Will the real protagonist please stand up?
New guest blogger NUTS4R2 looks at the archetypal heroes of classic fiction. ...
"I read, and, in reading, lifted the Curtains
of the Impossible that blind the mind,
and looked out into the unknown."
William Hope Hodgson was born on 15th November 1877 in Essex, England. Hodgson's father, an Anglican priest, was frequently moved, and served 11 different parishes in 21 years, including one in County Galway, Ireland. This setting was later featured in Hodgson's novel The House on the Borderland. Hodgson ran away from his boarding school at the age of thirteen in an effort to become a sailor. He was caught and returned to his family, but eventually received his father's permission to be apprenticed as a cabin boy and began a four-year apprenticeship in 1891. Hodgson's father died shortly thereafter, of throat cancer, leaving the family impoverished, and while William was away, the family subsisted largely on charity.
After his apprenticeship ended in 1895, Hodgson began two years of study in Liverpool, and was then able to pass the tests and receive his mate's certificate, after which, he then began several more years as a sailor. At sea, Hodgson experienced bullying. This led him to begin a programme of personal training. In 1899, at the age of 22, he opened W. H. Hodgson's School of Physical Culture, in Blackburn, England, offering tailored exercise regimes for personal training. He began writing articles such as Physical Culture versus Recreative Exercises (published in 1903). One of these articles, Health from Scientific Exercise, featured photographs of Hodgson himself demonstrating his exercises.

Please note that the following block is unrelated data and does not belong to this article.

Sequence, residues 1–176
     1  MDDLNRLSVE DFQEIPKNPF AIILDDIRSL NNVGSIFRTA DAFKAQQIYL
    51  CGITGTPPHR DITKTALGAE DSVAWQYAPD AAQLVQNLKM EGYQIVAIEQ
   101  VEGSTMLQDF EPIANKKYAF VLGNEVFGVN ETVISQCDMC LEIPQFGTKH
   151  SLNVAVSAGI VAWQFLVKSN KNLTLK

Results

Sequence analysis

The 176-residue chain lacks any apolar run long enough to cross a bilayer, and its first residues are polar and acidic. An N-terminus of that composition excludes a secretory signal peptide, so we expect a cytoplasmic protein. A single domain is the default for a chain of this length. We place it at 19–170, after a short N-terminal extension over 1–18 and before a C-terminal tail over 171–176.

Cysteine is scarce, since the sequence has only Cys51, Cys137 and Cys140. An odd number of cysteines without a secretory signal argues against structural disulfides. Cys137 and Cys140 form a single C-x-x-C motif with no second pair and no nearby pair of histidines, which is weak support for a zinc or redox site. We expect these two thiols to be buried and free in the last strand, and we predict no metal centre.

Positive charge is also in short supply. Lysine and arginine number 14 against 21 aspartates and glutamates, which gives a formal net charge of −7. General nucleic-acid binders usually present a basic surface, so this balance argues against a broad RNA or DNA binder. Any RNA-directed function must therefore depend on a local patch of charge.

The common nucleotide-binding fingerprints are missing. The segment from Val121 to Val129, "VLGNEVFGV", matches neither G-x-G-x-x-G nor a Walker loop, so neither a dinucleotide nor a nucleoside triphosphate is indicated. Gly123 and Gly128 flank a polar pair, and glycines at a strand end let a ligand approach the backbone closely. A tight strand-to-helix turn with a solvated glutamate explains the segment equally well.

The market for such articles seemed to be limited, however, so inspired by authors such as Edgar Allan Poe, H. G. Wells, Jules Verne, and Arthur Conan Doyle, Hodgson turned his attention to fiction, publishing his first short story, The Goddess of Death, in 1904, followed shortly by A Tropical Horror. He also contributed to an article in The Grand Magazine, taking the 'No side' in a debate on the topic "Is the Mercantile Navy worth joining?". He published his second novel, The House on the Borderland in 1909, again to positive reviews. Another of his published novels, Out of the Storm, is a short horror story about the death-side of the sea, in which the protagonist, drowning in a storm, rants about the horrors of a storm at sea. Hodgson is also known for his short stories featuring recurring characters like the detective of the occult Carnacki - The Casebook of Carnacki, The Ghost Finder, and the Captain Gault stories.
Despite the critical success of his novels, Hodgson remained relatively poor. His last novel to see publication, The Night Land, was published in 1912, although it likely had its genesis a number of years earlier. After the outbreak of world war 1 in 1914, Hodgson joined the University of London's Officer's Training Corps, - refusing to have anything to do with the sea despite his experience and Third Mate's certificate. He received a commission as a Lieutenant in the Royal Artillery, but in 1916 he was thrown from a horse and suffered a broken jaw and a serious head injury. He received a mandatory discharge, and returned to writing. Refusing to remain on the sidelines however, Hodgson recovered sufficiently to re-enlist. His published articles and stories from the time reflect his experience in war. He was killed by an artillery shell at Ypres in April 1918; sources suggest either the 17th or 19th. He was eulogised in The Times on 2 May 1918.